Fellow Passengers: This week’s Primary Passage (Matthew 17:14-27) transports me to some of the more regretful episodes of my high school years, when I was part of a group of guys who invested all of our creative energy into making life miserable for our teachers through pranks and mischief. One particular teacher, Mrs. Jacobs, who taught civics, had to bear the brunt of most of our un-civic behavior. She retired early and moved to Mexico after having me, Mark Wall, and Jeff Bowen two years in a row. Drawing magic marker boundaries of a state of nirvana on her map of the world, passing out candy cigarettes for everybody to “smoke,” and prepping everyone to burst out laughing when the clock struck a certain time were some of the milder pranks. I’ll leave out the more destructive (and self-destructive) behaviors. The one prank the passage reminded me of, though, is particularly uncivilized and shameful. Every great once in a while one of us would fall to the floor in the middle of a lecture, and fake a seizure. It was lunacy to the nth degree. We spent a lot of time in the assistant principal’s office.
Jesus’ disciples, unlike Mrs. Jacobs, had to deal with lunacy of a different kind, a boy who suffered with genuine seizures (the KJV actually calls it lunacy, while later translations call it epilepsy or simply seizures). Whatever the cause, the boy was prone to self-destructive behavior, throwing himself into the fire or into the water. The boy’s father came to the disciples for help, but they couldn’t do a thing with him. Jesus had no problem, though. He recognized the evil spirit, cast it out, and gave the boy the chance at a free and full life. He proceeded to inspire his followers with talk about faith that could move mountains, depress them with talk of his death, and impress them with one of the more random miracles of scripture – producing his tax money from the mouth of a fish. I can almost picture this last feat on one of Penn and Teller’s Las Vegas shows, with Jesus on stage, putting a small shekel in the mouth of a sardine, throwing it into a pool of clear water, then getting an audience member to come up and bait a hook on Zebco rod and reel, cast it into the pool, and voila! The audience member reels in a large St. Peter’s fish, reaches into the mouth and pulls out a large gold coin! How’d he do that?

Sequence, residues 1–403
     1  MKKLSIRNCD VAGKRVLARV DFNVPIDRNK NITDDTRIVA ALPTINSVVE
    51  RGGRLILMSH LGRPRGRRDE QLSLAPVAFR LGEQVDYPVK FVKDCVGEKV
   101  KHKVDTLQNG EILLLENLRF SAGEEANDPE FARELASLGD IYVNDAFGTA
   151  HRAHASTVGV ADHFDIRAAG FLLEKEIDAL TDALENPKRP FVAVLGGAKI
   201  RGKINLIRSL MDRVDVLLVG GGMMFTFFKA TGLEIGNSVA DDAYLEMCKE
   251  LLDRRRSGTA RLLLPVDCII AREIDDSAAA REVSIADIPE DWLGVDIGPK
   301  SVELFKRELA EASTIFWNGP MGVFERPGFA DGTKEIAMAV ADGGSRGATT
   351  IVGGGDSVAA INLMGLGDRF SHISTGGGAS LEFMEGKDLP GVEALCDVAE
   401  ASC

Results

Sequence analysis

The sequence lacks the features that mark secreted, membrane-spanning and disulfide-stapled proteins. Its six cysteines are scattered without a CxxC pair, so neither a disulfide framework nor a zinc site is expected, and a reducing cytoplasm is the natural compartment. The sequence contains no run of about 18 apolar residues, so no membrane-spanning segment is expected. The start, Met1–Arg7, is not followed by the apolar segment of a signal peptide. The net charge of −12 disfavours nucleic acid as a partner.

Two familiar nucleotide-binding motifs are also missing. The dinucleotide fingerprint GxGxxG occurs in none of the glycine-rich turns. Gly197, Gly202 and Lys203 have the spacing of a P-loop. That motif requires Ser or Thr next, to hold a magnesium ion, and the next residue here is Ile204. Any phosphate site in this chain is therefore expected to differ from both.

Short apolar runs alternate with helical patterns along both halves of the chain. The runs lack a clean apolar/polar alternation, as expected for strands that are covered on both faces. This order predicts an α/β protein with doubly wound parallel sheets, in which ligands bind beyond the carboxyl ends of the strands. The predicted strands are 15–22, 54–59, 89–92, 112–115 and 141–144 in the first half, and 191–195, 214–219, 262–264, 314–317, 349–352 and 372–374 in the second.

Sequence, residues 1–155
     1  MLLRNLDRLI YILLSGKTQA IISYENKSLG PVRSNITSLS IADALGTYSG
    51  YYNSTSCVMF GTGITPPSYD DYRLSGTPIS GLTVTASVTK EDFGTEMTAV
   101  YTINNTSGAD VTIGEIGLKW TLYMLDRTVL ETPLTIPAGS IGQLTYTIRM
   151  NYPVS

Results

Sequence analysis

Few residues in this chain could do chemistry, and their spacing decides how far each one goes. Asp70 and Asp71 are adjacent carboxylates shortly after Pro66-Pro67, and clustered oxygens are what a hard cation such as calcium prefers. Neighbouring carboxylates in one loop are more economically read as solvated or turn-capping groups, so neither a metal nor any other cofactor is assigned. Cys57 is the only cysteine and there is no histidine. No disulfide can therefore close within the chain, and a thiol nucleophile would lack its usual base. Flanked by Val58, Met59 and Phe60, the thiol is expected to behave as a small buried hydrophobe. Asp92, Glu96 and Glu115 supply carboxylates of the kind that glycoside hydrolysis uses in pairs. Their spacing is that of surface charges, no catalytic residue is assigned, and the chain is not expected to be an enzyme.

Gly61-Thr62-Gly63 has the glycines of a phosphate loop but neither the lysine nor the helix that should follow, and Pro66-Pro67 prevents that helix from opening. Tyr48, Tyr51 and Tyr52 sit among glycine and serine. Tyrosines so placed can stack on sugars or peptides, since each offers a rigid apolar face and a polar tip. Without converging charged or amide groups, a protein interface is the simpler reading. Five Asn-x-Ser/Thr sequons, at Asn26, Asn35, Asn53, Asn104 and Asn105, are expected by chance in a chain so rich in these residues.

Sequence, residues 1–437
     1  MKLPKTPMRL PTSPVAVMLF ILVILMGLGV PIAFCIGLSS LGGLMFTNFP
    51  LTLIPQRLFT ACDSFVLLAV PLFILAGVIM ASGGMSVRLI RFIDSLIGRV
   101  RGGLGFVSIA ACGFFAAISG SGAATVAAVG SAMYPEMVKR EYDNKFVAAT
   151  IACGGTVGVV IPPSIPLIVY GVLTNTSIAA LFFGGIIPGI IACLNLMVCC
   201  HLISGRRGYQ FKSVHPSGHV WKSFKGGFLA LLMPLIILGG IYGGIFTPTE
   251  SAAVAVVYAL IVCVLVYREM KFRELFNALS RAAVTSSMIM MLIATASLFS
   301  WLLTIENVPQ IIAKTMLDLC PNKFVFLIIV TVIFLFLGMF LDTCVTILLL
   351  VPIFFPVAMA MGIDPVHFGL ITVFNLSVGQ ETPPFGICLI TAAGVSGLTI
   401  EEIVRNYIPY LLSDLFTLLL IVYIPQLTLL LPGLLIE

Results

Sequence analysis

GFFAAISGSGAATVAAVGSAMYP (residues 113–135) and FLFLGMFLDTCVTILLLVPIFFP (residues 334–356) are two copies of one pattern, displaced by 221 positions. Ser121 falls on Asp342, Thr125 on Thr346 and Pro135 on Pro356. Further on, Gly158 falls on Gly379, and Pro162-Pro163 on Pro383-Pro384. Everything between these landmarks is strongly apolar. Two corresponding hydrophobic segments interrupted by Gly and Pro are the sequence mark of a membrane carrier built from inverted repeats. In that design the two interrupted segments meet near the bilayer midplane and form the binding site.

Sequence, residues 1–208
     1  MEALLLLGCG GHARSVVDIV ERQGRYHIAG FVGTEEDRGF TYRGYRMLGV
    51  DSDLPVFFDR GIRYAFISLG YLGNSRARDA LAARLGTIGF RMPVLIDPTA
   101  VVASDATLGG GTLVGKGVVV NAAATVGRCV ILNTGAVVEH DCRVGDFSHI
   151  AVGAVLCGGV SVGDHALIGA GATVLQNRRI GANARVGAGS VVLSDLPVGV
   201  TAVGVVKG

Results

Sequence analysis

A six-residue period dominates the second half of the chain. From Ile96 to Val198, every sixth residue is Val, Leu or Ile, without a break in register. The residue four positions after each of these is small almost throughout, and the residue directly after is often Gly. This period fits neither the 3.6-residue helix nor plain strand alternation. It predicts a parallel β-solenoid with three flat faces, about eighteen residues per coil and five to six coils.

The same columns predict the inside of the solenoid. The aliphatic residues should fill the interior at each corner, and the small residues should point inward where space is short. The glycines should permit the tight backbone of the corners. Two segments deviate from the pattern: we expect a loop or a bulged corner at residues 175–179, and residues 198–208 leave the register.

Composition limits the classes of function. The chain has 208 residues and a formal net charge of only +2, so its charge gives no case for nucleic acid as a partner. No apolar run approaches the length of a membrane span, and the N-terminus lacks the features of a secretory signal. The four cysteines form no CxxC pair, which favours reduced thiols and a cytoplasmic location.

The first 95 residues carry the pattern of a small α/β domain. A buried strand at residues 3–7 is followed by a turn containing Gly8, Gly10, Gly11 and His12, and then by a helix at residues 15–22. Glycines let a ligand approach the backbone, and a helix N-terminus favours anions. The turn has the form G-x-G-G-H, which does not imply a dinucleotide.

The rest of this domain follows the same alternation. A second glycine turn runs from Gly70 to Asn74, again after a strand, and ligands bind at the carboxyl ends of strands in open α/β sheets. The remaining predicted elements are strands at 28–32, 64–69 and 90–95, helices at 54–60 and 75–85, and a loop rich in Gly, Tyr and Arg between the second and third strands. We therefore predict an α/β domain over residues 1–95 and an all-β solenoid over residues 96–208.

When I read passages like this, I sometimes wonder where we are in the story. In the strange culture of American religion, I think we often play the part of the troubled boy. Our relationships and dialogues often seem marked by lunacy. For me, I am often “seized” by the seductive opportunity to engage in conversation with people on the extreme opposite end of theological and cultural divides, and I occasionally get burned, or feel like I’m about to drown in the sea of nonsense. While there’s a part of me that really believes in staying with these conversations, that it’s an important cross to bear in order to bear witness to a joyful grace that is welcoming and affirming of all kinds of people who are different from me, there’s another part that feels it is a precious waste of time at best and self-destructive at worst. Sometimes, when I’m removed from these conversations, I feel more like the disciples, observing the lunacy of the culture, but powerless to effect any healing or liberation. I long for the days when we can truly play the part of Jesus in the story, and have the faith to move mountains of obstinacy (our own as well as that of our sparring partners), to cast out destructive spirits, and to bring liberation to a world captive to craziness. Or at least pull some gold from the mouth of a rainbow trout and bring a little levity to all the hand-wringing over high taxes.
How about you? Where does this passage take you on your journey of faith? Feel free to comment.